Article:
There is a general lack of generosity in the foyer with the cloak room and main info desk combined and the shop area really pokey.

The level of information and interpretation of the museum in the foyer is absolutely abysmal. A visitor coming for the first time would have no idea what was on or where to find it.

Because the new entry is so far off centre (i.e. down one end of the old building) the access to the galleries, which are all in the old building, is via long hallways and there is a real lack of hierarchy in how the galleries and video rooms are arranged off the corridor. It is quite possible to completely miss one of the main exhibits because the space is so hidden away.

The roof level restaurant and sculpture gallery has, simply by its location, one of the best views in Sydney. It looks straight across to the Opera House. However what should have been the very best corner of the outdoor sculpture gallery is not accessible. It contains the black roof of the black box element, which is set at the same level as the handrail to the rest of the open space. While we were there visitors where hopping up onto the roof to have their photos taken and the restaurant staff were kept unnecessarily busy having to order them down.

This seems a classic example of form not following function at all.

11 May 12 at 1:26 PM • Vanessa Carnevale

What a storm in a teacup! Aren’t there other issues in Sydney more deserving of passionate outbursts by her architects? This is a fine building, judging only from the photographs. It’s restrained enough to form part of the backdrop to the Quay and Opera House, yet interesting enough to draw attention to its cultural program.

I agree with Gerard Reinmuth that critique and dialogue are essential to architecture, but antagonistic debate – architect vs architect – is not helpful to architects in Sydney or elsewhere. This time it did, however, raise some points that are ripe for discussion, such as Philip Cox’s statement that Circular Quay is “sacred”, and the assertion that a work of architecture should have one big idea.

11 May 12 at 2:01 PM • Angela Ferguson

this is a great article, and its always good to see some form of debate around our built environment in Australia – commendations to the organizers. unfortunately (and as much as i dont want to – i prefer to applaud and revere our home grown talent!) i agree with most of the criticism about the MCA. Cox sums it up perfectly when he says “The building makes promises on the outside that it doesn’t keep”. what also struck me when i visited was the extremely poor build quality/detailing internally, which on a global scale is embarassing.

That said i do feel for Sam Marshall. We have long tradition in Australia of those with power and authority (but not necessarily vision or intelligence) dictating many aspects of how our built environment is designed and procured – with the outcome invariably ‘dumbed down’ to its lowest common denominator in an attempt to please the various meddling parties.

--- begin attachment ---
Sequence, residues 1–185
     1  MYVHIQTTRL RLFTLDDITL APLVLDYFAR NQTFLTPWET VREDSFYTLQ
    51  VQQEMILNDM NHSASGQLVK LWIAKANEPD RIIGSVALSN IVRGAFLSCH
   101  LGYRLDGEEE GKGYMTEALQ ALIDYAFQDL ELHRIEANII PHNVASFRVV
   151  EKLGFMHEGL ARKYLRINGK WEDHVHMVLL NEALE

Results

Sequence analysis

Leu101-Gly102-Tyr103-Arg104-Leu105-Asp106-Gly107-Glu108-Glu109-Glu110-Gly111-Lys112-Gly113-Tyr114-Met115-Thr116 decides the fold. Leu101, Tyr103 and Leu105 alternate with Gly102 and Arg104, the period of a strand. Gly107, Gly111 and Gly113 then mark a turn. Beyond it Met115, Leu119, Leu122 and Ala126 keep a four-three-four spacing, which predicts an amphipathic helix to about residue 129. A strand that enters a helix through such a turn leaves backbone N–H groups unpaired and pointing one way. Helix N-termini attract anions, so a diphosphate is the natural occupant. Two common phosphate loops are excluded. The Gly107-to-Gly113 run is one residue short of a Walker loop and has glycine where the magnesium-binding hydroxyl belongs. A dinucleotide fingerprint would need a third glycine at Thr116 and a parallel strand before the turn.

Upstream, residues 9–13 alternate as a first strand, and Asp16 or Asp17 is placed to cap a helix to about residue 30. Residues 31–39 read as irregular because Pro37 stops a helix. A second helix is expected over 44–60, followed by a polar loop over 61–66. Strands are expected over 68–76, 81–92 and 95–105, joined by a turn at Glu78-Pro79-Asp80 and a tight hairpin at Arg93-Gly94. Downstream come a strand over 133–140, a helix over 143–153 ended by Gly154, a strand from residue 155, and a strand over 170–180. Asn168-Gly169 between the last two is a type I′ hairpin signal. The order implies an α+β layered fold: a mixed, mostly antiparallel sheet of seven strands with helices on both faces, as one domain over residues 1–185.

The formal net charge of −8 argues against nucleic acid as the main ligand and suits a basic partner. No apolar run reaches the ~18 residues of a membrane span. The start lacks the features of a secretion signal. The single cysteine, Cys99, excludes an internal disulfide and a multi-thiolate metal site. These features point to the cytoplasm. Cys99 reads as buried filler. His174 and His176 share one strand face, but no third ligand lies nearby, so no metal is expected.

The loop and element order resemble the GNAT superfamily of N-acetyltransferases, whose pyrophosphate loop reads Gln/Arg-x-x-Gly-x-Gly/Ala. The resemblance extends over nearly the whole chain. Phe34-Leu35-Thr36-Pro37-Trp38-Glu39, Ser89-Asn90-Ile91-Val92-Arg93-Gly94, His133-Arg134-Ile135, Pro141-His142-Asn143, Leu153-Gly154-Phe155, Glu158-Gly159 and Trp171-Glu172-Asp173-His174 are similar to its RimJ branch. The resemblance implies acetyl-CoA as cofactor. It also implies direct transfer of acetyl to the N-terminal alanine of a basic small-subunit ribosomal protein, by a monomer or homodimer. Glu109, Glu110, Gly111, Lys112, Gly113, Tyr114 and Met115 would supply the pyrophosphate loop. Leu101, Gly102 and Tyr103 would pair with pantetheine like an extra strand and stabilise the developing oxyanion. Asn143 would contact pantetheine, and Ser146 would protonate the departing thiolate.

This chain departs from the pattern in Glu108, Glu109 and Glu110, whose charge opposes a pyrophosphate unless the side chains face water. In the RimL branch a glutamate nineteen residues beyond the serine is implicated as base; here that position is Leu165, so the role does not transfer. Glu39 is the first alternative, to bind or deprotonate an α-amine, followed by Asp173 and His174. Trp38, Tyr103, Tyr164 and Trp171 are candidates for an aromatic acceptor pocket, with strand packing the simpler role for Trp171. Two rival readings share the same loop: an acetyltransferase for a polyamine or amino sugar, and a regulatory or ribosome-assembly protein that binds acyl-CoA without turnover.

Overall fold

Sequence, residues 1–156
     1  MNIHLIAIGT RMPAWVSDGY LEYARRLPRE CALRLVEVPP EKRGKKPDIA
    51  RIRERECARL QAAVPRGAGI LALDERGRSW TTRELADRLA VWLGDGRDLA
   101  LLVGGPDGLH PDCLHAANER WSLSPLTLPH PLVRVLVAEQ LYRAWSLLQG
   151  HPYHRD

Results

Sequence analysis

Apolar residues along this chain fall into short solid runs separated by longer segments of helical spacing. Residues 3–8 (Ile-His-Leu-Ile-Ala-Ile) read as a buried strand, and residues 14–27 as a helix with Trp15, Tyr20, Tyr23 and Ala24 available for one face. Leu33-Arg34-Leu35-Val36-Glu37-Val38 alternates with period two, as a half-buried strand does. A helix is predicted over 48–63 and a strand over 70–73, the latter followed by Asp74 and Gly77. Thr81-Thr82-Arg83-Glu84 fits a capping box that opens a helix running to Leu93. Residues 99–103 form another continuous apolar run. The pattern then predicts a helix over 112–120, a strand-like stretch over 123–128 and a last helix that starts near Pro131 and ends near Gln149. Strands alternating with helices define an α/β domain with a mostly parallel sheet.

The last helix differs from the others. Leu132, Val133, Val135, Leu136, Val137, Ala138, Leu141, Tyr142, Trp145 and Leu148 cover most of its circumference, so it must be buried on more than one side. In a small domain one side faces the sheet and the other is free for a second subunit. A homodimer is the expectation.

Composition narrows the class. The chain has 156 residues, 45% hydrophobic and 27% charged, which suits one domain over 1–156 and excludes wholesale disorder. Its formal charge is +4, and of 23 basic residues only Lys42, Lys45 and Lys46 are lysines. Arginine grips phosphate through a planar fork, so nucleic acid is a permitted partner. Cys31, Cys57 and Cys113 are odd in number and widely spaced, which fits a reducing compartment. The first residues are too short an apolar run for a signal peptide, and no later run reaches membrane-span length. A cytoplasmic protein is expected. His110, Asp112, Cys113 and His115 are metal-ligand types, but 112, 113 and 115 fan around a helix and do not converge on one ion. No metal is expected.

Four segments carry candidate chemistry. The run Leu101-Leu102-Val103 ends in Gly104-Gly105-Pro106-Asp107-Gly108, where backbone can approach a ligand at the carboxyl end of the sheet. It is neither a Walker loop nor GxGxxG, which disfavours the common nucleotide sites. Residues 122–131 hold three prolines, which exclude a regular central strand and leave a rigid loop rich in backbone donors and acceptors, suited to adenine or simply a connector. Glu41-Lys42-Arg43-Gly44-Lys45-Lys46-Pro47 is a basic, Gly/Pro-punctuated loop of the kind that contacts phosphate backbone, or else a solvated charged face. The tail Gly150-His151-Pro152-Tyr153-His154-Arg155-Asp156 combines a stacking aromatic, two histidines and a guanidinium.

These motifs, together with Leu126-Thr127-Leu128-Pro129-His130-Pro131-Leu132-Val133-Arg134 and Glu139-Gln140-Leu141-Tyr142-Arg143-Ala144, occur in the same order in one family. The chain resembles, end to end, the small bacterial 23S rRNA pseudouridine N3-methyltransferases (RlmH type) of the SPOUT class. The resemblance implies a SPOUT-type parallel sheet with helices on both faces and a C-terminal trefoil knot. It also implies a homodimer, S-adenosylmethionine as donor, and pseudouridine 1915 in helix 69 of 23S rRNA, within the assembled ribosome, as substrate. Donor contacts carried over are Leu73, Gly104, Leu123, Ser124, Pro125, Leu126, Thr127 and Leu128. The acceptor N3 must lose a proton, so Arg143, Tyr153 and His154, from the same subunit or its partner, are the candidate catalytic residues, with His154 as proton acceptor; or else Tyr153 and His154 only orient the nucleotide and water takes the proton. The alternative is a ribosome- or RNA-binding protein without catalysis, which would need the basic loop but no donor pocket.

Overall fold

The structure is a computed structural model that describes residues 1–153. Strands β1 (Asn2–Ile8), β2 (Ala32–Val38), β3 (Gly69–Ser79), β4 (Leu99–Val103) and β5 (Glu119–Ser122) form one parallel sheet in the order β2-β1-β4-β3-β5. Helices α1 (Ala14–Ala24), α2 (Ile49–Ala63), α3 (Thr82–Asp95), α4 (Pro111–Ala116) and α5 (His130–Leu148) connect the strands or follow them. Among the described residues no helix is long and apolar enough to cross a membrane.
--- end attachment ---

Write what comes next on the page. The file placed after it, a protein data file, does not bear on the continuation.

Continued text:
those in the profession know what happens when a brief is diluted or changed mid stream, when the focus is on cost alone (with the importance of quality ignored), when a project can seem ‘cursed’ from the start, when there is no committment to a vision or idea and there is a lack of understanding that you can never please each and every stakeholder 100%.

everybody has their own perspective on events and i doubt we know the full story of the ‘saga of the MCA’. however not all criticism should be leveled at the architect as it certainly takes more than 2 to tango in any project no matter how big or small.

17 May 12 at 2:50 PM • Danny B

The Quayside facade is a visual delight. Makes me feel good to be alive overlooking it while I have my early morning coffee at Guylian. It respects the scale of the existing MSB and adds to the potpourri that is the skyline to the West and the OS terminal to the North.
I was already a slave to the MoCA and Sam’s enhancing design has intensified my addiction. I am a frequent visitor living nearby and am always planning the next dose as I depart.
The criticisms of the interior circulation are shallow and I am sure reflect brief encounters by the scribes and are not the observations of frequent visitors. The gallery now has a presence and can house significant exhibitions without clutter. Christian Marclay’s current “clock” exhibition is mesmerising and I recommend it to all, especially movie buffs.
The above notwithstanding, the George Street facade could have been handled better and is indeed a scaffold solution and the execution of the detailing by the builder demands a significant “defects list”.

20 May 12 at 6:53 PM • marco pompili

in the context of a city like sydney, where there is little, almost no opportunity to attend public open talks on architecture, this event is an achievement. uts and make space are really to be praised for this.
the talk itself sounded to me like a lot of whispering though.
because of its controversial and suffered background, the merit of the mca is that it finally came to life.
my expectation was that the conversation topic would be treated as a pretext for a discussion on public architecture in sydney – absent in this city – and on the public potential of architecture today.
wheeler did not just make a remark about the budget, he threw on the table critical issues, such as architecture and public clients. i was surprised that the central table didn’t pick them up.

26 May 12 at 2:20 PM • Mary Byington

I love this addition so much that I just googled the architect. I had tuned out of this debate about the time the plans were unveiled…